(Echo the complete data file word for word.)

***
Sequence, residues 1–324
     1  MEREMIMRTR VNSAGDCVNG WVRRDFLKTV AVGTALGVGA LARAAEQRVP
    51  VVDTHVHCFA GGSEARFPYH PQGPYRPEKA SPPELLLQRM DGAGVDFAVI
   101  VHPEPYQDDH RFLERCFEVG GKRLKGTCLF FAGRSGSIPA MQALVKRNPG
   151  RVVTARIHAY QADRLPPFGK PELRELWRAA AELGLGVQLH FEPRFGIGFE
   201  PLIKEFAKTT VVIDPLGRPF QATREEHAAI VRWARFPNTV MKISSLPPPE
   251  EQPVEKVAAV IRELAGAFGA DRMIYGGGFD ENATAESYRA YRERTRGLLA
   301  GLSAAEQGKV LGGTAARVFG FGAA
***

Sequence, residues 1–324
     1  MEREMIMRTR VNSAGDCVNG WVRRDFLKTV AVGTALGVGA LARAAEQRVP
    51  VVDTHVHCFA GGSEARFPYH PQGPYRPEKA SPPELLLQRM DGAGVDFAVI
   101  VHPEPYQDDH RFLERCFEVG GKRLKGTCLF FAGRSGSIPA MQALVKRNPG
   151  RVVTARIHAY QADRLPPFGK PELRELWRAA AELGLGVQLH FEPRFGIGFE
   201  PLIKEFAKTT VVIDPLGRPF QATREEHAAI VRWARFPNTV MKISSLPPPE
   251  EQPVEKVAAV IRELAGAFGA DRMIYGGGFD ENATAESYRA YRERTRGLLA
   301  GLSAAEQGKV LGGTAARVFG FGAA